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Hackernoon logoTop 10 Programming Languages for Web Devs to Learn During Quarantine by@austin

Top 10 Programming Languages for Web Devs to Learn During Quarantine

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@austinAustin Pocus

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If you're just sitting at home most nights, wondering what the hell you should be doing, rejoice! I've got a list of 10 of the hottest, coolest programming languages you can stuff in a single sack (or...blog post).

#1: Python

This one's a no-brainer. Python's becoming ever more popular with the machine learning crowd, it's ubiquitous in data science, and people are even using it to write web-based microservices again with libraries like Flask. It's the winner of the past couple years of Stack Overflow surveys for most popular langauge, it's in pretty much every job listing out there...you really cannot go wrong learning this interesting little language (and it comes with "batteries included" to boot!).

#2: Javascript

At this point, you're probably like "ok, this dude's just listing popular langauges". To an extent, yes, but worry not! I'll get to the more esoteric, interesting languages after this. But you have to know Javascript these days. It's like Latin, or Koine Greek, or modern French -- it's useful in so many contexts that it would be foolish not to understand the fundamentals. At least, until the next "language" aka ABI aka "assembly" language gains traction...

#3 WebAssembly

The language that isn't a language is probably the hottest option on this list, mainly because you can write code that simply was not possible before WebAssembly. Not to mention, you can write code in a langauge like C/C++ or Java or something, compile to WebAssembly, and it should just do what it says on the tin. Unity has had great success using this to "port" games to a web environment without a plugin.

#4 Rust

It was a toss-up between this and Go, but let's be honest -- no it wasn't. Go didn't even crack the top ten, because Rust is the superior language. Not trying to get into a flame war, but this is the systems language of the future. Its approach to memory management is novel yet approachable, its "trait" system is a breath of fresh air compared to trying to implement shared behaviors...overall, coming from a web environment, Rust is a type-safe, mostly-memory-safe jolt of new life. I'd highly recommend it -- it's easily my favorite on this list.

#5 C++

Speaking of systems programming, if you're looking to expand beyond the web, this is the lingua franca for the rest of the programming world (sure, C is still in use, but C++ is far more popular for modern apps, except in exceptional cases). I mean, it's how the V8 engine and Chrome are implemented. Are you too good for the language that powers Chrome? More so, it's the language to learn when you want to peek under the hood and you start to learn, oh, this is why Javascript uses an event loop, or this is why that decision was made. It's eye opening, truly.

#6 Swift

I just started learning Swift, as part of my weekend iOS explorations, and it's well worth a look. It borrows some concepts from Rust, as far as deterministic non-manual memory management goes. However, it seems much more approachable in terms of its difficulty curve. But this is beside the point -- if you ever want to expand into mobile development, this is the way.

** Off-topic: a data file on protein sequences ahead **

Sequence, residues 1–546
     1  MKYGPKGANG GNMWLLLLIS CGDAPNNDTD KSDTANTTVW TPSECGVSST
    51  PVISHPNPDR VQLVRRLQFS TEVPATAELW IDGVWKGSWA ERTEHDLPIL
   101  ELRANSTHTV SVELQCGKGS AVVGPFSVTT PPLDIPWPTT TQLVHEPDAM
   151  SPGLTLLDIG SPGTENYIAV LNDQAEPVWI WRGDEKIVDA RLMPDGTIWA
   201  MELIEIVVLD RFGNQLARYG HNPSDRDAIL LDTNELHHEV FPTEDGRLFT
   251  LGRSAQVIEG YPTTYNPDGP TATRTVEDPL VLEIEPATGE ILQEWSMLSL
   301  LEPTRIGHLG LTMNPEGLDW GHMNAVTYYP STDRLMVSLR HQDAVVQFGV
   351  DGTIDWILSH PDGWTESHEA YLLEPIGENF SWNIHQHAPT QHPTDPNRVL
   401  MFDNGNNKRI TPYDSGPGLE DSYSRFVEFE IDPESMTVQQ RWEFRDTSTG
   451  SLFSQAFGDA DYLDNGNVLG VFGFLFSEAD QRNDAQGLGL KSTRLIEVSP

Enough of these mainstream languages! Let's dive into the esoteric...

#7 Assembly Language (Z80, 6502, etc.)

Assembly language? What is it, 1984? No, but you can code like it is! Using emulators, modern tools, you can program old machines from the comfort of your Macbook. Personally, I'm learning Z80 assembly so I can make a Game Boy Color game.

Even if you don't plan on actually using assembly, it's worthwhile in the same way that Lisp-like langauges are worthwhile -- they change the way you think about data and programming. And in the case of assembly language, it teaches you how a computer really operates, on the bare metal.

#8 Elm

I haven't used Elm yet, but I want to, which is why it's on this list. In particular, there are a lot of libraries that are modeling their data flow after Elm's architecture, and even if I don't end up using it in production, it might be able to teach me something about data flows and state management.

#9 Racket

A Lisp? In this day in age? Surely, you're joking, Mr. Pocus!

I joke not! The difference between this Lisp and most Lisps is that this one comes with batteries included, with an absolute ton of tools to actually accomplish cool stuff. Plus, it's tailor-made for making...

#10 Your own language!

Seriously! You can use Racket, you can use JS, you can use whatever the hell language you want (even assembly), but the point is, you can create your own language. Lisp-like languages are the easiest to implement, but you can also implement your own drawing language, a scripting language, it can be interpreted or compiled, it can be dynamically or statically typed, but the point is, you can make it yours.

Compilers and interpreters aren't that hard. The "dragon book" and years of GCC cruft will make you think "oh I could never write a compiler!" but I truly believe you can (if I can, you can). There are projects like make-a-lisp that make this not easy, exactly, but approachable. Like climbing a mountain, you can do it one step at a time. And of course, from the Lisp interpreter taught here, you can expand to C-like languages (or more esoteric syntaxes!).

Which programming language are you learning during the pandemic? Are you learning another skill altogether?

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